The Journal of Small Animal Practice (JSAP)

The Journal of Small Animal Practice (JSAP) is the BSAVA's monthly scientific journal, featuring original, peer-reviewed articles, case reports and other scientific and educational information from around the world. The aim of JSAP is to facilitate the dissemination and implementation of new ideas and techniques relating to clinical veterinary practice, and ultimately to promote best practice.

JSAP is provided to BSAVA members as part of their membership benefits. Members - to access JSAP, log in then click on the 'read latest issues' button that appears below. 

You can search for JSAP articles from within the BSAVA Library by clicking on the JSAP tab from the search results page. If you are a BSAVA member and already logged in, you can click through from the search results to access the full article. 

April issue - Editor's choice

Evaluating skin biopsy specimens from alopecic dogs

The scientific evaluation of diagnostic techniques is complicated. There are two main risks when adding a novel diagnostic technique to the standard care of a group of patients: the execution itself of the new test may carry additional danger for the patients (eg, a longer anaesthesia, systemic reaction to a contrast medium, etc.), and the interpretation of the results of the new test may lead to “overdiagnosis” of certain conditions (ie, the diagnosis of a condition for which treatment may be ultimately less beneficial for the patient than no treatment). It is not common to spectate the development of a diagnostic technique that could help with the diagnosis in a large number of animals with likely limited side effects. In this month’s JSAP, Dr Bond from the Royal Veterinary College and colleagues have assessed whether the addition of transverse sectioning in histological processing could enhance the diagnostic benefit from skin biopsies of dogs with alopecia. The results on the sample of 31 alopecic dogs were promising. This study has the potential to provide the first step for a change in current veterinary dermato‐pathological practice making it closer to the standard of care for the histopathological investigation of alopecia in humans.

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March issue - Editor's choice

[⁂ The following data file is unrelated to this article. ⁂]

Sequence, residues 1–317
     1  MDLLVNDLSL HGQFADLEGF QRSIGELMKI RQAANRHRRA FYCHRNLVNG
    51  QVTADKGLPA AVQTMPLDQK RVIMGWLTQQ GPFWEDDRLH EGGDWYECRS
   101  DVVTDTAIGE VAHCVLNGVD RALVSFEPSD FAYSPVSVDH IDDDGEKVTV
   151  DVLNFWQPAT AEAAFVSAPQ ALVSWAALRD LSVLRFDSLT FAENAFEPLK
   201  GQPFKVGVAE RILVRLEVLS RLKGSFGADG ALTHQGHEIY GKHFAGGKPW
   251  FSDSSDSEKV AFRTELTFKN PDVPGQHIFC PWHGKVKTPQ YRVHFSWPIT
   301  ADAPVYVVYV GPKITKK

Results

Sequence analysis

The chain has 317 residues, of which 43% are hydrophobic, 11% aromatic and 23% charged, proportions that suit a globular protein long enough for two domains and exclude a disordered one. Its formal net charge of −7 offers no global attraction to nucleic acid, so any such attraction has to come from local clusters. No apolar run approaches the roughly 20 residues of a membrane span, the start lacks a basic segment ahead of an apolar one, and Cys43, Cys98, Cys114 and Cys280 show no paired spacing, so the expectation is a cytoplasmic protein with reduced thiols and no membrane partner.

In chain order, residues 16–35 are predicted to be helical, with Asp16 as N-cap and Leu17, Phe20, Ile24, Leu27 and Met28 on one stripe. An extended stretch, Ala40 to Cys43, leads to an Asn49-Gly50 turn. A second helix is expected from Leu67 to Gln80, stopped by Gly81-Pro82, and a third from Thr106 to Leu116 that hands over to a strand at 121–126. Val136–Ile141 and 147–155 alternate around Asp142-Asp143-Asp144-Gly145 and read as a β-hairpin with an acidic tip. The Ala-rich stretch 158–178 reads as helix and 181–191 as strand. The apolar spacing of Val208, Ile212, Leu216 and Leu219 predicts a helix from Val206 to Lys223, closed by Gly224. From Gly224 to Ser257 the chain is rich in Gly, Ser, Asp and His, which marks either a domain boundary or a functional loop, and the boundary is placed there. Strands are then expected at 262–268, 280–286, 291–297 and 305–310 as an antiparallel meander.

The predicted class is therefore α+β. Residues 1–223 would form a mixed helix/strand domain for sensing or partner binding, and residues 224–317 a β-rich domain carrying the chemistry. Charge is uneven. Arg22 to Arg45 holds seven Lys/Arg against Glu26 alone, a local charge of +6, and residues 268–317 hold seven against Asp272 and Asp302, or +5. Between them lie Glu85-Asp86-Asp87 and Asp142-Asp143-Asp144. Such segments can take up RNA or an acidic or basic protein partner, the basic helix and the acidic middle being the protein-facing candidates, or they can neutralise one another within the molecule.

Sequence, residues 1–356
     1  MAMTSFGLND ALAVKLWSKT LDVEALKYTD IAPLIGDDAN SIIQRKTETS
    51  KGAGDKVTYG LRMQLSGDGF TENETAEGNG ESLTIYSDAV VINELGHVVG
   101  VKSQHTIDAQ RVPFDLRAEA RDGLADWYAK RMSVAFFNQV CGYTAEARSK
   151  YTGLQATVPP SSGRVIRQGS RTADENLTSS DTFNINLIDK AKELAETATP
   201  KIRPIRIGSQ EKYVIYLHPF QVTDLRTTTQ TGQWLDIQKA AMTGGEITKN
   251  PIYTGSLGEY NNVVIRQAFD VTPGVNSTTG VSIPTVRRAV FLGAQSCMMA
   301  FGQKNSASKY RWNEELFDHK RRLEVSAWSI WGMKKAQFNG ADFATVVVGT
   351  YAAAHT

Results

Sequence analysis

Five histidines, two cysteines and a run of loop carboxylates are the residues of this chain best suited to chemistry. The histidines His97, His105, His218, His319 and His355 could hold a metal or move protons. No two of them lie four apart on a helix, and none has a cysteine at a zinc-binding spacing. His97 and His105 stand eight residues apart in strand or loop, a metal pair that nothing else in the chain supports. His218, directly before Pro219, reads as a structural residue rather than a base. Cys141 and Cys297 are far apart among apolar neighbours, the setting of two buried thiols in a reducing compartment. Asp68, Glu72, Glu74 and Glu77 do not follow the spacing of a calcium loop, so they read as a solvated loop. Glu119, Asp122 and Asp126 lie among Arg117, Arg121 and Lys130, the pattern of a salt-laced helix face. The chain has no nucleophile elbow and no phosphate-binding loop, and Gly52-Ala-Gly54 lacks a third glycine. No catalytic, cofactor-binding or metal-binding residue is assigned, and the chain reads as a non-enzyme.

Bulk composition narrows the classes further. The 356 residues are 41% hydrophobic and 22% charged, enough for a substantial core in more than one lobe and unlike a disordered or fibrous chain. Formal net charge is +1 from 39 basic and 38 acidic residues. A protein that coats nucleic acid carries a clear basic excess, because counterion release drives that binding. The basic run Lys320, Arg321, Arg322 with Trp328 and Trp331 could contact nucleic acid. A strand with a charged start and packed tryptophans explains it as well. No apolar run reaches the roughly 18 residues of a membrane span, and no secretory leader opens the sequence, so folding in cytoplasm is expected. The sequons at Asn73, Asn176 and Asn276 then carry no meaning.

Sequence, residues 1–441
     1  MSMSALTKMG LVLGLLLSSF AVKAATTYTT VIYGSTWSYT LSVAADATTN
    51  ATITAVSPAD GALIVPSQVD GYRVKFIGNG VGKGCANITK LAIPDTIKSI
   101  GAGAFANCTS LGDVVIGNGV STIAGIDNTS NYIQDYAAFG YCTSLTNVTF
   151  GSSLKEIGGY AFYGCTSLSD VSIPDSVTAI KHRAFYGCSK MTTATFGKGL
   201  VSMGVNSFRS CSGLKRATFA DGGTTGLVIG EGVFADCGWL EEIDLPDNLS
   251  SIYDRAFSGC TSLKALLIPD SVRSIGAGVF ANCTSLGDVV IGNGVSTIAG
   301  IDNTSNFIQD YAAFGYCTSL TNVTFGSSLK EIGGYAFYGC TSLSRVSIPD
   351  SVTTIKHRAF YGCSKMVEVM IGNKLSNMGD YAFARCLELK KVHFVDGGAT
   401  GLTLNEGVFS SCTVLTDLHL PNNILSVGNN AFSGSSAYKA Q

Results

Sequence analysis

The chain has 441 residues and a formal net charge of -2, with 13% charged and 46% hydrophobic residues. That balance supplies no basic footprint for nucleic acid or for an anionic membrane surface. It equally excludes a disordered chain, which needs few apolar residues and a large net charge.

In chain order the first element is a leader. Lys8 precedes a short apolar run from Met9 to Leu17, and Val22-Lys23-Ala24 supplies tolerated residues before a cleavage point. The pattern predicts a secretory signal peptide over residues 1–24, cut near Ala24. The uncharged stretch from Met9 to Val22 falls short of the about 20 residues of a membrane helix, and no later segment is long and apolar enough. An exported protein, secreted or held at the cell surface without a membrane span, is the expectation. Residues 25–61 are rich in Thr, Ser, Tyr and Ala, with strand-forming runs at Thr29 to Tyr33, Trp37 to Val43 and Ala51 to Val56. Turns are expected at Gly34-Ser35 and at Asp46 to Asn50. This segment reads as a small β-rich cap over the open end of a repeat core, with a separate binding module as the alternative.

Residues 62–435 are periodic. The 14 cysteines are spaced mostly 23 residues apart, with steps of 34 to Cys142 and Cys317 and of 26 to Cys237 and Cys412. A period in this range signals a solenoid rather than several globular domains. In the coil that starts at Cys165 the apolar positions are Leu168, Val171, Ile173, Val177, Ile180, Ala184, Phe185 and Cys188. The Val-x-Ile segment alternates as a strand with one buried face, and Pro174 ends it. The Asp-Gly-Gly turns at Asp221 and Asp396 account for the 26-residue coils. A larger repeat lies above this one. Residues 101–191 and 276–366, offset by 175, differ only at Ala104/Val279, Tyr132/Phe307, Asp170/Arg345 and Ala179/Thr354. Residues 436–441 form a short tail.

Chinchillas show a clinically relevant reduction in food intake following administration of metronidazole

As veterinarians, we are used to carefully discuss the potential adverse effects of major clinical interventions such as surgeries, anaesthetic events, or chemotherapies. However, it is easy to assume that common interventions, for example the administrations of widely used antimicrobials at standard doses, have little chance of having substantial adverse effects. As is often the case in medicine, it is better to avoid assumptions, and a study published in the next issue of JSAP is an elegant reminder of this fact. Dr Mans and his team, from the University of Wisconsin-Madison, have performed a randomised trial to evaluate the effects associated with the administration of metronidazole to chinchillas at doses commonly reported in formularies. The results are interesting, since the animals drastically reduced their food intake for multiple days. Even if this is a commonly used antimicrobial, it is likely that a similar side effect went unnoticed in the field because many chinchillas are already anorectic on presentation. This article not only provides clinically relevant information for veterinarians dealing with this species, but also serves as a general reminder to every clinician that any medical intervention could have potential side effects.

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You must be logged in and a BSAVA member (excluding veterinary nurse student member) to use the links

A collection of JSAP reviews for primary care practice is freely available to all.

If you are not a member of BSAVA and wish to receive JSAP, you can either become a member or subscribe to the journal via our publisher, Wiley.

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